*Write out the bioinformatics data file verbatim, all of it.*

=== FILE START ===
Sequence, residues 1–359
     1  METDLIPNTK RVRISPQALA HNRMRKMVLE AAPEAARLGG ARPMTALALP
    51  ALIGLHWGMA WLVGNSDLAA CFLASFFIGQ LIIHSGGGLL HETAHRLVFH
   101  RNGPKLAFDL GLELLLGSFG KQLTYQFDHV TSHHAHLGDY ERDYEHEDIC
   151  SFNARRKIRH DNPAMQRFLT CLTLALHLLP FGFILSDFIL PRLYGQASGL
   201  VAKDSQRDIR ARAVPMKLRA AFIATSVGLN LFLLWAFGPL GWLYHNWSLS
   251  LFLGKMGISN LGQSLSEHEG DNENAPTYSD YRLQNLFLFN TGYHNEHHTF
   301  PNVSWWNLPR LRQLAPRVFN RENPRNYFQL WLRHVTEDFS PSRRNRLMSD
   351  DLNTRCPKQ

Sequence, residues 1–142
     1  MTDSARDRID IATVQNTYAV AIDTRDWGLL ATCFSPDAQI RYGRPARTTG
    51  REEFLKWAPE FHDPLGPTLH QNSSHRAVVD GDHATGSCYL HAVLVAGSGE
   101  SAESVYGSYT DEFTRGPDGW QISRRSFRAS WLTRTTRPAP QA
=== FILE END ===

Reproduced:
Sequence, residues 1–359
     1  METDLIPNTK RVRISPQALA HNRMRKMVLE AAPEAARLGG ARPMTALALP
    51  ALIGLHWGMA WLVGNSDLAA CFLASFFIGQ LIIHSGGGLL HETAHRLVFH
   101  RNGPKLAFDL GLELLLGSFG KQLTYQFDHV TSHHAHLGDY ERDYEHEDIC
   151  SFNARRKIRH DNPAMQRFLT CLTLALHLLP FGFILSDFIL PRLYGQASGL
   201  VAKDSQRDIR ARAVPMKLRA AFIATSVGLN LFLLWAFGPL GWLYHNWSLS
   251  LFLGKMGISN LGQSLSEHEG DNENAPTYSD YRLQNLFLFN TGYHNEHHTF
   301  PNVSWWNLPR LRQLAPRVFN RENPRNYFQL WLRHVTEDFS PSRRNRLMSD
   351  DLNTRCPKQ

Sequence, residues 1–142
     1  MTDSARDRID IATVQNTYAV AIDTRDWGLL ATCFSPDAQI RYGRPARTTG
    51  REEFLKWAPE FHDPLGPTLH QNSSHRAVVD GDHATGSCYL HAVLVAGSGE
   101  SAESVYGSYT DEFTRGPDGW QISRRSFRAS WLTRTTRPAP QA